5 Tips for Customer Service During (and After) the Coronavirus

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It’s great to see my fellow Customer Experience experts Jeanne Bliss, Bruce Tempkin, and others post their advice this week on Customer Think1 about dealing with the coronavirus and Covid-19. I’d like to share five tips for Customer Service management during and after this crisis:

  1. Take care of your agents and managers
  2. Refine Knowledge Sharing
  3. Perfect Work at Home
  4. Improve your BCP
  5. Reach out, share, and help others

Please add your experience and comments, and let’s continue to raise the bar for our customers and for our staff during and after the coronavirus. I’d be happy to send more ideas so reach out – It’s essential as we navigate this crisis together! As you scan through these tips, think through how many of them deserve to become BAU (business as usual).

  1. Take care of your agents and managers

First and foremost, this is a critical time to take care of your agents and managers so that they remain healthy and engaged, and be able to continue to support your customers. Start with plenty of feedback and encouragement, listen even more closely to their suggestions, and be present – at least virtually by video and frequently using email, text, Slack, and other channels. Provide all protective measures, relax handle time and other KPIs, and post results widely. One of my clients created a compelling metric “Number of lives saved today” to reinforce to their agents and managers their core mission; many companies can adapt something like this today. Remember to engage even more with your outsourcing partners! Site visits are out, but with online video and chat or Jabber you can “be there” virtually. Also, it’s a good time to select and apply actions that reinforce agent experience along the lines of the “7 Needs” in my 2nd book Your Customer Rules!2 especially “You make it easy for me” and “You help me do better, you help me do more”.

  1. Refine Knowledge Sharing

There is no better time to ensure that your knowledge management system (KMS) and knowledge base (KB) are current and relevant. Years ago I started to promote a different definition, Knowledge Sharing (KS)2, as a more dynamic alternative – Finding ways to collect and curate better responses (especially important with new logistics, presumed “cures”, and conspiracy theories abounding). Engaging front line staff, smart developers, and your customers is the best way to create knowledge that helps.

  1. Perfect Work at Home

For years in the States agents at home have been a hot topic but by my count it plateaued at 22% of the customer service jobs, but the coronavirus has meant that nearly every company and agency has had to scramble to enable their agents to stay at home and support customers. I’ve been encouraging working from home for years including an including an old CustomerThink post “Move Agents Into Their Homes for a Double-Win” back in April 2006. I recently polled some of the companies on the Global Operations Council (GOC) that I formed and chair with “What would you say are your best practices with agents from home?” and heard back video conferencing, creating a troubleshooting guide for manager to lessen the burden on IT, and fun engagement events such as selfies with your favorite coffee mug. See again my 1st point “Take care of your agents and managers”!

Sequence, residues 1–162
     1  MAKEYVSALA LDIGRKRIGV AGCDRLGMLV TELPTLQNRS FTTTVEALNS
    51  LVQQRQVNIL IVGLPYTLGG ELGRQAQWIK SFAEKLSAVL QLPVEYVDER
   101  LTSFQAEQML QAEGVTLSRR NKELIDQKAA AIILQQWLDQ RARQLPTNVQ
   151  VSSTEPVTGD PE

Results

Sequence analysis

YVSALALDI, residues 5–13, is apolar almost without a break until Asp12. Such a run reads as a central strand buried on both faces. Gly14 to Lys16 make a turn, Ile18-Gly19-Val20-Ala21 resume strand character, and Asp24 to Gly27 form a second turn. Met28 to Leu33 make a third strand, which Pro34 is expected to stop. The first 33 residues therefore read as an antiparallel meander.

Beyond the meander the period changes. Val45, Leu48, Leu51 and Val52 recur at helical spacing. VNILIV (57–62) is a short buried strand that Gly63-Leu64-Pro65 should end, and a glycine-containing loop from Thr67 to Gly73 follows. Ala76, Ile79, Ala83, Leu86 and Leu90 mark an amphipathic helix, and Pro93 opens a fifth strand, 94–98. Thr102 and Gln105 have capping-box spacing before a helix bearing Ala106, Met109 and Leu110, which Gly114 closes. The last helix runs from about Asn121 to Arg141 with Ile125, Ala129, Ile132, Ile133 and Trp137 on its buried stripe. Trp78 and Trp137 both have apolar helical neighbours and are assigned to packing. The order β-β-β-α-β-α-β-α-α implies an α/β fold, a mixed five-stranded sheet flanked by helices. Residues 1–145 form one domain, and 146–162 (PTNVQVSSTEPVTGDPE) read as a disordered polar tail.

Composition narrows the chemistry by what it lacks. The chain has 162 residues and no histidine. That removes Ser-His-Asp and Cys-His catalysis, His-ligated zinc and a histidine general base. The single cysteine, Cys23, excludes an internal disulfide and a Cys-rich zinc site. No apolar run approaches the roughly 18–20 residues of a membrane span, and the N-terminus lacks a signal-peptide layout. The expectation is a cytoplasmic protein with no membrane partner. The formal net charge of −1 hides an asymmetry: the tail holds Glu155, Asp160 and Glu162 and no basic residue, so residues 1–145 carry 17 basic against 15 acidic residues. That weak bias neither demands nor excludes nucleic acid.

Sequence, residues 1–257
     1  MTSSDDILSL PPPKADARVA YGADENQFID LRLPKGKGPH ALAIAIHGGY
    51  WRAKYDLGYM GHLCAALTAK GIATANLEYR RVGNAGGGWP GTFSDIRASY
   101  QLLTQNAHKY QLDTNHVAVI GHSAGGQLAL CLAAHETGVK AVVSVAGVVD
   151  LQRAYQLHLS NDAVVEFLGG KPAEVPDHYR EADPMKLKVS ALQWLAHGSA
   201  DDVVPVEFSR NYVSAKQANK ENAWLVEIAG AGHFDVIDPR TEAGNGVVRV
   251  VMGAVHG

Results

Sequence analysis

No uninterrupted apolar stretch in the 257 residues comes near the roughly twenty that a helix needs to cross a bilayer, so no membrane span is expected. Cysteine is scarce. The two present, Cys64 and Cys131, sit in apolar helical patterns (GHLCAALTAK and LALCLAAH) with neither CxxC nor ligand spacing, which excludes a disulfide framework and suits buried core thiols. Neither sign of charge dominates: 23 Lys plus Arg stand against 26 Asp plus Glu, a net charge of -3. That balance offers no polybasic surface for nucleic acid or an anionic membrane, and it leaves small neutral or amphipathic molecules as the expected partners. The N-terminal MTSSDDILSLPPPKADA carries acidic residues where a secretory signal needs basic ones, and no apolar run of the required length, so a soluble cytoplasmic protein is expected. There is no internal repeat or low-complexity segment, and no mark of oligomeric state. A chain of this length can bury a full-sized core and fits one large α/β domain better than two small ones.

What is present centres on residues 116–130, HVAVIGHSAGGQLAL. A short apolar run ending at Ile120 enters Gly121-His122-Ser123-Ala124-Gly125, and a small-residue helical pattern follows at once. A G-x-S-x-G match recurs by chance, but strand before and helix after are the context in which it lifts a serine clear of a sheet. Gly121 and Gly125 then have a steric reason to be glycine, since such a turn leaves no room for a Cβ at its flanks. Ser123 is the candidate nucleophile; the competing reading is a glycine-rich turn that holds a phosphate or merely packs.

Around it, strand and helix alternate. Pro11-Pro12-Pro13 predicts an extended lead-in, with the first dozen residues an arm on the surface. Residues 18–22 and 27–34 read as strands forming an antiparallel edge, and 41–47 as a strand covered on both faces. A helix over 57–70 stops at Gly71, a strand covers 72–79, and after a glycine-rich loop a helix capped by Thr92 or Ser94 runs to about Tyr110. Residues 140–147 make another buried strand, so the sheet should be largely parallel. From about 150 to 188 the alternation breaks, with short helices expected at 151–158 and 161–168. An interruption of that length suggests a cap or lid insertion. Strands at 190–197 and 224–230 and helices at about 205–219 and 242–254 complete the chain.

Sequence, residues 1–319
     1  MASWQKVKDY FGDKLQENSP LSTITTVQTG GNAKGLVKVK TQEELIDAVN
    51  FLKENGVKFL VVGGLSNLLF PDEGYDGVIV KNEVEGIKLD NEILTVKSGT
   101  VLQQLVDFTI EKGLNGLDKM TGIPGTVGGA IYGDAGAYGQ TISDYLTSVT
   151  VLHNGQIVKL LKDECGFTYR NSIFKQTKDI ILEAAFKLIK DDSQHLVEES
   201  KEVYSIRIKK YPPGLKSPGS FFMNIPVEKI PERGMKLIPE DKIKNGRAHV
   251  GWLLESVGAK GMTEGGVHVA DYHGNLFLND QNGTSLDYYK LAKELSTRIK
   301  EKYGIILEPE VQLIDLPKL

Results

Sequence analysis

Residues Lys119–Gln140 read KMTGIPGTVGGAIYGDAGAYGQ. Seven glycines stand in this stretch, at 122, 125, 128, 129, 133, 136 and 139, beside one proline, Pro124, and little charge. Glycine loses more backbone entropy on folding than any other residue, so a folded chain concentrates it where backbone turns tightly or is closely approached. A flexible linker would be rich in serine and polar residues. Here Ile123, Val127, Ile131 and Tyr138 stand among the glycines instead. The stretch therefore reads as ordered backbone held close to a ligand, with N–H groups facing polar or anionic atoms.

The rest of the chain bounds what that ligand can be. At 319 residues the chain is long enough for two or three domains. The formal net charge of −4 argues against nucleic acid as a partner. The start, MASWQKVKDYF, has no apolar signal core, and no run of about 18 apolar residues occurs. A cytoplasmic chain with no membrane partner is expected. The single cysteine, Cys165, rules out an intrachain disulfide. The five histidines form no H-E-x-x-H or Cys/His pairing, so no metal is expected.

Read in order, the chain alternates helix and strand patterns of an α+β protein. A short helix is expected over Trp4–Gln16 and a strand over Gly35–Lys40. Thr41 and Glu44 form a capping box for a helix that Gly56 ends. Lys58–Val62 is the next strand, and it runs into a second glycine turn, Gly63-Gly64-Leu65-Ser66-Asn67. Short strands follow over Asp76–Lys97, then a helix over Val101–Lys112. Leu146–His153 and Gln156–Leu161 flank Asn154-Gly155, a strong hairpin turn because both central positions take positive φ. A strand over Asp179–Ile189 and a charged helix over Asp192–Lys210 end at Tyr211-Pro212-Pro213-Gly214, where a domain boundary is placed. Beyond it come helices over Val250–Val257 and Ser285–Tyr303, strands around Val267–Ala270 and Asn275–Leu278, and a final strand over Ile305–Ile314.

1. Improve your BCP

You’ve had a Business Continuity Plan (BCP) for years, right? And required one from your partners? I’d bet that you didn’t have time to test it, except for natural disasters that fortunately passed quickly. But now this crisis will last for a very long time, and it’s important to improve your BCP: Working from home and Knowledge Sharing as I’ve shared, but also network redundancy, reporting a new set of metrics, having your CEO communicate regularly with far-flung staff, repatriating managers traveling overseas, how to deliver or repair or process returns safely, stocks of PPE (Personal Protective Equipment), and much more that we are experiencing. There will be a “next time” so let’s learn and apply now.

  1. Reach out, share, and help others

I was heartened to hear that in Ohio a travel company’s call center offered their services to a beleaguered government office, and to read about local websites encouraging volunteers to connect with fellow citizens who need help shopping. I’m working with a classmate to get a PPE exchange off the ground. The customer service industry has so many skills to offer – Reach out, share, and help others, and spread the word!

1 “In this Time of Coronavirus…Let Goodness in Business Prevail. Human and Financial Prosperity Will Follow.”, March 19, 2020 by Jeanne Bliss https://customerthink.com/in-this-time-of-coronaviruslet-goodness-in-business-prevail-human-and-financial-prosperity-will-follow/, accessed 21 March 2020; “Adjusting your CX program to deal with COVID-19” March 20, 2020 by Bruce Tempkin https://customerthink.com/adjusting-your-cx-program-to-deal-with-covid-19/

2 Your Customer Rules! Delivering the Me2B Experiences That Today’s Customers Demand (Wiley/Jossey-Bass 2015). Here are the 7 Customer Needs that Lead to a Winning “Me2B” Culture; each Need breaks down into a total of 39 Sub-Needs.

  1. “You know me, you remember me”
  2. “You give me choices”
  3. “You make it easy for me”
  4. “You value me”
  5. “You trust me”
  6. “You surprise me with stuff that I can’t imagine”
  7. “You help me better, you help me do more”

3 I’ve promoted Knowledge Sharing (KS) as a more dynamic alternative to more static Knowledge Bases (KB), for example in my January 21, 2016 post https://customerthink.com/zcr-zero-contact-resolution-getting-it-right-the-first-time/

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